From our galleries: 10 spectacular photos of Bald Eagle

7/4/2014 | 0

As recently as the 1960s, Bald Eagle was absent across much of the southern and eastern United States, the Midwest, the Great Plains, Utah, Nevada, and southern California. But today, the species is doing well — so well that it has been removed from the government’s list of threatened and endangered species and, as you can surmise from the 10 spectacular photos below, its range extends across most of North America. We found the pictures in our U.S. and Canada Gallery. Click each photographer’s name to see more of his or her photos.

In snow


Yves Guillot took this dramatic photo as an eagle hunted during a snow storm.

In Florida


S. Hunter Spenceley found these birds at Key Vista Park in Pasco County, Florida.

Lakeland, Florida


sfischer2250 noticed this Bald Eagle sitting in a moss-covered tree at Circle B Bar Reserve in Lakeland, Florida.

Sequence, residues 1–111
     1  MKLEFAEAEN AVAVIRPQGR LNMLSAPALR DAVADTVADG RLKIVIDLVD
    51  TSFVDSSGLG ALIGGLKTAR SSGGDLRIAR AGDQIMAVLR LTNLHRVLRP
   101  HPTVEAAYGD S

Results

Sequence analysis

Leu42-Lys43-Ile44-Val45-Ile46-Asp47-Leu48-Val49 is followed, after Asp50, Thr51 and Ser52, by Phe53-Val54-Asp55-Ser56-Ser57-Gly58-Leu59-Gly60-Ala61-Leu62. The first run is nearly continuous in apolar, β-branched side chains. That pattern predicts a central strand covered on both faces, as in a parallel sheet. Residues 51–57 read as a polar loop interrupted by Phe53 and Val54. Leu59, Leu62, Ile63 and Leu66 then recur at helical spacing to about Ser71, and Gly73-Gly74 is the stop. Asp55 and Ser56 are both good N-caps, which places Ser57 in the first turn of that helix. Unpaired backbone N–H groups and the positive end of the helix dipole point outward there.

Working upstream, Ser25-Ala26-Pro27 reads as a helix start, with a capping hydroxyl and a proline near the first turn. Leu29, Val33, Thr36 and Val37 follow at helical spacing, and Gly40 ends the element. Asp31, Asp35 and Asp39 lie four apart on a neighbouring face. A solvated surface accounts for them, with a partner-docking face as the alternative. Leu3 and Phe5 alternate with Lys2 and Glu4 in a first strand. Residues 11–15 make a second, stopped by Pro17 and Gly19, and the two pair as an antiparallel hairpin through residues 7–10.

LeClaire, Iowa

Bald Eagle at Lock and Dam 14 in LeClaire, Iowa, by Daniel Behm.

Daniel Behm was watching overwintering eagles near Lock and Dam 14 in LeClaire, Iowa, a few winters ago, when this one spread its wings.

In Utah

Bald Eagles at Farmington Bay WMA in Utah by Brent Paull.

This trio was at Farmington Bay WMA in northern Utah. Brent Paull took the photo.

In Maryland


Harry Collins spotted this eagle in November 2013 as it grabbed a fish near Maryland’s Conowingo Dam.

Katmai National Park, Alaska


captbub photographed this pair of nesting birds at Katmai National Park, Alaska, in July 2013.

Badlands, South Dakota


This one was feeding on an antelope in the Badlands of South Dakota. Richard Hoeg took the photo.

Homer, Alaska


Mike Landwehr used a boat to photograph this eagle near Homer, Alaska.

Baddeck, Nova Scotia


This Bald Eagle was flying away from photographer missymandel in Baddeck, Nova Scotia.

See more photos in our U.S. and Canada Gallery.

Contact us.

Four ways you can get your photos published with BirdWatching.


New to birdwatching?

Sign up for our free e-newsletter to receive news, photos of birds, attracting and ID tips, descriptions of birding hotspots, and more delivered to your inbox every other week. Sign up now.

See the contents of our current issue.

How to subscribe to BirdWatching.